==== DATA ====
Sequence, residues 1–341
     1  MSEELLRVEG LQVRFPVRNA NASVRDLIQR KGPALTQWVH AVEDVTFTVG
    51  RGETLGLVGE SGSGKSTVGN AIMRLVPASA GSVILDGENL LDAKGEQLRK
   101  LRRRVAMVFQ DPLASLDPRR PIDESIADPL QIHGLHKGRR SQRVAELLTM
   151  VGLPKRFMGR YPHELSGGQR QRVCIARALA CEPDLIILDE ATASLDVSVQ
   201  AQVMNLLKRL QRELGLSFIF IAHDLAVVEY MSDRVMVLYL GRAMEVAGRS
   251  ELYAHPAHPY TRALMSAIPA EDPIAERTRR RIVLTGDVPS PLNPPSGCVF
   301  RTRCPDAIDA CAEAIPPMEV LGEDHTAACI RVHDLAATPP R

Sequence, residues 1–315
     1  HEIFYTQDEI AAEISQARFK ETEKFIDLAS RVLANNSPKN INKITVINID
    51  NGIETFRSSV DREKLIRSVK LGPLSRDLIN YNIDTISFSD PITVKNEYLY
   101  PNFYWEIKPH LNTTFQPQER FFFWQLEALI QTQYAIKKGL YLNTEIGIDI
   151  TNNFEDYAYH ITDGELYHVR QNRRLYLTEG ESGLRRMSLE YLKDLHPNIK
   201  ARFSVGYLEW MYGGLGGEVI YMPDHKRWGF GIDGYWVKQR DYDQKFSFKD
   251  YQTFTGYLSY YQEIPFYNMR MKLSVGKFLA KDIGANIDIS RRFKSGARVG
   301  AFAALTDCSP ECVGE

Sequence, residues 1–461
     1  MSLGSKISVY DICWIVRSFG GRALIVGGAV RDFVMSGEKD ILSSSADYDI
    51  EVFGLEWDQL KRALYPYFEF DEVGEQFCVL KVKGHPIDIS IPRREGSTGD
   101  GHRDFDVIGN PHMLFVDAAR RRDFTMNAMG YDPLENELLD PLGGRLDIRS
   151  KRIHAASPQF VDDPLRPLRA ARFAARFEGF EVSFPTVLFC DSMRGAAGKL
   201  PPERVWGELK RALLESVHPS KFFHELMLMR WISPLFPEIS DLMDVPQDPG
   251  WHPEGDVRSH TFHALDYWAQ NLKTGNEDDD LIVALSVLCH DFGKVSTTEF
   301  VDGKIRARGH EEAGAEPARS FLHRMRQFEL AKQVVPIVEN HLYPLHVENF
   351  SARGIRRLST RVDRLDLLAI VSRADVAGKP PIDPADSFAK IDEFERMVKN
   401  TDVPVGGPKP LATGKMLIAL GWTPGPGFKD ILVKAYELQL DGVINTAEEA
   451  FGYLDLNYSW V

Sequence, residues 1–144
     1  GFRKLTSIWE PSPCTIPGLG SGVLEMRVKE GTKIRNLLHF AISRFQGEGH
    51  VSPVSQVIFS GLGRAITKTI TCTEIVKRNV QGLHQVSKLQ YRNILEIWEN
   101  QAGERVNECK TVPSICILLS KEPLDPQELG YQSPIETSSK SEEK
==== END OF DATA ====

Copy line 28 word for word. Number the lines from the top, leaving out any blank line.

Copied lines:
Sequence, residues 1–144